The internet has become so ubiquitous and necessary, it’s hard to go a day without using it. It’s where we get most of the information about the world, a great part of our social interactions happen there, and a big portion of our work time is spent online. However, the internet isn’t as safe as some people would like to think it is. Most of its contents are safe, but some of them contain malicious viruses that can seriously compromise all of your information.
One of those malicious viruses is the cryptolocker. It’s a virus that encrypts the victims’ files and then refuses to let you open them unless you pay money for a key. Most of these viruses come from either email attachments or infected websites, so you have to be careful and mind what kind of links you click as well as the files you download.
You can perform cryptolocker removal on your own, or you can call for some professional help which, in my humble opinion, is the safer and more cost-effective option, especially if the cryptolocker removal needs to be performed on a business PC.
In order to prevent a cryptolocker from doing any serious damage, you should back-up all of your important data and store it externally, on a hard disk or USB. Moreover, you should keep your anti-virus up to date, as the cryptolocker is constantly being worked on and improved, allowing scammers to bypass out-of-date anti-malware software. I cannot stress the importance of having up-to-date protection software enough. A reputable anti-virus program like Avast, Avira, Kaspersky, etc. should be enough to keep you safe.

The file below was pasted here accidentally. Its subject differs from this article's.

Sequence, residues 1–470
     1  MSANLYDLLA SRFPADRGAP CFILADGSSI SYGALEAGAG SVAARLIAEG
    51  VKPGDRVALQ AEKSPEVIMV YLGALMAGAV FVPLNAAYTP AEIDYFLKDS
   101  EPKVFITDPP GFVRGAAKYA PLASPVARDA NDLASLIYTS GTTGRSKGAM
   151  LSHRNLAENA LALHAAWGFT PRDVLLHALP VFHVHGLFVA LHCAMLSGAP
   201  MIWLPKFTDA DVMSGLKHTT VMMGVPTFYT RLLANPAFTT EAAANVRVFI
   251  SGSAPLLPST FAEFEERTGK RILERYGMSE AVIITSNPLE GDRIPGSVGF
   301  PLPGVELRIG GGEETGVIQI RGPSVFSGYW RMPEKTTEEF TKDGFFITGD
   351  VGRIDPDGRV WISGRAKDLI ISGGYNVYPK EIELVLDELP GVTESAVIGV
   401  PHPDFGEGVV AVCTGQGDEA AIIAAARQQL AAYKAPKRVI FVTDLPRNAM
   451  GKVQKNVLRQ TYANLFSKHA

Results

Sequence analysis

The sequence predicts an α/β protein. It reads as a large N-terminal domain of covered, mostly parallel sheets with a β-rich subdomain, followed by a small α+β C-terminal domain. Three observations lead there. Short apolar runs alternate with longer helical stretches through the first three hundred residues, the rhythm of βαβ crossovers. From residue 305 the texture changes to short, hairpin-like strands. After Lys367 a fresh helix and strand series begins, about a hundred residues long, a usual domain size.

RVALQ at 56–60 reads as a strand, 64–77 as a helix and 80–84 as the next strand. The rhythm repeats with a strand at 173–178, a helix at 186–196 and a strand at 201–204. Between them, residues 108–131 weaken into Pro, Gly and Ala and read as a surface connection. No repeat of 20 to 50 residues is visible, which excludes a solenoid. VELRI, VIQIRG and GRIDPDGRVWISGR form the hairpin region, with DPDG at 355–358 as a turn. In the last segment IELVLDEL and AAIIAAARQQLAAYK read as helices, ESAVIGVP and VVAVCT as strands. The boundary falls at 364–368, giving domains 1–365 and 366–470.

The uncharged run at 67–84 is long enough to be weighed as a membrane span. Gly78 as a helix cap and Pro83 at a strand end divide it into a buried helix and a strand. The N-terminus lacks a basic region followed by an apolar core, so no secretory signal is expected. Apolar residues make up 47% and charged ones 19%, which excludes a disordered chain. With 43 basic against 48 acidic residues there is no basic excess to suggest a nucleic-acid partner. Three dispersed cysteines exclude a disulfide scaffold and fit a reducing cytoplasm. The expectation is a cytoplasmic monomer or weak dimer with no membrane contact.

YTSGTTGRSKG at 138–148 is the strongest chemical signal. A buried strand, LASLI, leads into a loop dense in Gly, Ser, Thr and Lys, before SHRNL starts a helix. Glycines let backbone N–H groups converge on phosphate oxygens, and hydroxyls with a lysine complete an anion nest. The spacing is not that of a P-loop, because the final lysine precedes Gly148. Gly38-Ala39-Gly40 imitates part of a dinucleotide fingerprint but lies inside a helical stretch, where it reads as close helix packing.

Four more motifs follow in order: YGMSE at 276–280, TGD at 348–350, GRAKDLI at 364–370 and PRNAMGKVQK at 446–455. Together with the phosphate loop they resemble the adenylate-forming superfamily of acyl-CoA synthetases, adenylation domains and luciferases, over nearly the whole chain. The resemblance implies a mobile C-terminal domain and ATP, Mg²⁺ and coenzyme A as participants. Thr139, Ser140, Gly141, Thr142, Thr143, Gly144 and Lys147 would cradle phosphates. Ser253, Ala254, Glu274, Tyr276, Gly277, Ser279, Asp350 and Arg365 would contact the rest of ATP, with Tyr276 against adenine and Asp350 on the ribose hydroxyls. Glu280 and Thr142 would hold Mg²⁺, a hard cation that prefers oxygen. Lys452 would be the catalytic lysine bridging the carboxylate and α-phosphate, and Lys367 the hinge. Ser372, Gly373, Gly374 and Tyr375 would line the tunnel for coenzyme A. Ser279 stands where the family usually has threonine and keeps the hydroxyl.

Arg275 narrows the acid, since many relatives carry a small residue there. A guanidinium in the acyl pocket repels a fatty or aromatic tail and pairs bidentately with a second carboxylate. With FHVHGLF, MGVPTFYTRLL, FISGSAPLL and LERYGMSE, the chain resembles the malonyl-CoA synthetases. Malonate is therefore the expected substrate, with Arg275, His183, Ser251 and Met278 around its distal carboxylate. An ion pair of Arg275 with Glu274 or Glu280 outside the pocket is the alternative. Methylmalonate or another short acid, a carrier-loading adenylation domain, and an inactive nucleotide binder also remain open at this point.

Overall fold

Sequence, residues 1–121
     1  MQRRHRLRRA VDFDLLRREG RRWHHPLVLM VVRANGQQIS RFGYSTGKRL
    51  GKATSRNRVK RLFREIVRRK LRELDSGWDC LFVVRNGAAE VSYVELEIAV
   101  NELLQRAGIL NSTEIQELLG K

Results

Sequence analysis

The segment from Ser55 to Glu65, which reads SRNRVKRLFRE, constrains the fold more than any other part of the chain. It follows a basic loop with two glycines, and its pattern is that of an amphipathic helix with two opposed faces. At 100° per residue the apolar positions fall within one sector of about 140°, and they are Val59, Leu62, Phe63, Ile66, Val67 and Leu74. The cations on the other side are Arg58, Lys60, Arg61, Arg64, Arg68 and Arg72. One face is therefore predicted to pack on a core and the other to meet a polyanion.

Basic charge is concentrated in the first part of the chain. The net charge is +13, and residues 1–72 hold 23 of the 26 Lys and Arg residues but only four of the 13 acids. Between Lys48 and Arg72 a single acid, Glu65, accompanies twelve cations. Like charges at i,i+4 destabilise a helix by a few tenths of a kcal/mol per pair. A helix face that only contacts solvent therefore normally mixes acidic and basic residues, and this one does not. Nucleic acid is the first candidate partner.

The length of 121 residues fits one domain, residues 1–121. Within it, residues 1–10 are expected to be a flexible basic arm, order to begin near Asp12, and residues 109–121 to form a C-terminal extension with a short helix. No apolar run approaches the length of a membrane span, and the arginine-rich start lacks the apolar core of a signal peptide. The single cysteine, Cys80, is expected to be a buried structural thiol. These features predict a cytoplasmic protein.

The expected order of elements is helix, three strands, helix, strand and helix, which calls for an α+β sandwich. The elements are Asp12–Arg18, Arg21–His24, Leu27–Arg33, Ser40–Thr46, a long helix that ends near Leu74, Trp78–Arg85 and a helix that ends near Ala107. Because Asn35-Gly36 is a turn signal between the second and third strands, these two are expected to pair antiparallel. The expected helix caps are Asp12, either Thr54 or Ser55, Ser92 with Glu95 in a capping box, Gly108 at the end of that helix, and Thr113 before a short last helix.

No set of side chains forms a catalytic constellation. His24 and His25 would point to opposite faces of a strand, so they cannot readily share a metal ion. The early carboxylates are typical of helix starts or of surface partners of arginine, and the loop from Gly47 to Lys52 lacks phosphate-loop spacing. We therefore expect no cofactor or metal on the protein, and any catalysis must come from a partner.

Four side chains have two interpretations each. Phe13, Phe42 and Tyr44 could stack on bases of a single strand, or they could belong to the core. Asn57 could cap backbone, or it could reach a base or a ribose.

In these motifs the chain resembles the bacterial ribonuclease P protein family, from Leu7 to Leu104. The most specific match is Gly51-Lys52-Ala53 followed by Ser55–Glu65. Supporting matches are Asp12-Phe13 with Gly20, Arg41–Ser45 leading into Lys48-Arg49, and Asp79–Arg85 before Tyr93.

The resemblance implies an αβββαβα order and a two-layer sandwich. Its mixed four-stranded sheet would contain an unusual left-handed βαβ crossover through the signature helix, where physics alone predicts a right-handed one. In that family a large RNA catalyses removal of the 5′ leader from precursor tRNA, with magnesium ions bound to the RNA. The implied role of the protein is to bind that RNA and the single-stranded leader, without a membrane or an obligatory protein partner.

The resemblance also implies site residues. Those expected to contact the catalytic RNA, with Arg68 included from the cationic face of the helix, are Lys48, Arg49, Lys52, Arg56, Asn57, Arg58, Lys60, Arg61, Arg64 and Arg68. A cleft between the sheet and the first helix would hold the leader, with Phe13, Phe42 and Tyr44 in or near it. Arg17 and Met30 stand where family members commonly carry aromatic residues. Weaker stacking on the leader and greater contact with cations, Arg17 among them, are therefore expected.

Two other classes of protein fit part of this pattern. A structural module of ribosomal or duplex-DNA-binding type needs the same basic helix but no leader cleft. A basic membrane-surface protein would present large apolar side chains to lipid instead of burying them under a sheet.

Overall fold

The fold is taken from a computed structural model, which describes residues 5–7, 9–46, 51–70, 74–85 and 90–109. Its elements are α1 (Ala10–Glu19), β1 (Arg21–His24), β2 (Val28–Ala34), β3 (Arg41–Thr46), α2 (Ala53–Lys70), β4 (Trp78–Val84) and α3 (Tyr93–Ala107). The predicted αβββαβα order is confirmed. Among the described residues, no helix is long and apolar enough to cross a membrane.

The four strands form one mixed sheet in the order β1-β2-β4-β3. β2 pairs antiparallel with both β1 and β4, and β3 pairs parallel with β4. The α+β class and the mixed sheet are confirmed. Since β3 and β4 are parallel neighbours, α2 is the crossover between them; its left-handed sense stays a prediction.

If you’ve already been infected, you need to find a way to eliminate the attacker. You can do that by going through windows’ Safe Mode and running an on-demand virus scanner. However, if the virus prevents you from doing so, you’ll have to use System Restore to roll your system back in time. Performing a rollback won’t affect your personal files, but it will return system files and programs to the state they were at a certain time.
But as the old saying goes, it’s better to prevent than to cure, and this also applies to computers. Securing your computer from day 1 and keeping up with the latest updates might seem like an inconvenience at first, but it’s not as big of an inconvenience as having it infested with all types of malware, so it’s definitely something worth doing. And remember – having a good backup system is crucial, just in case your PC does get infected and you can’t recover your files.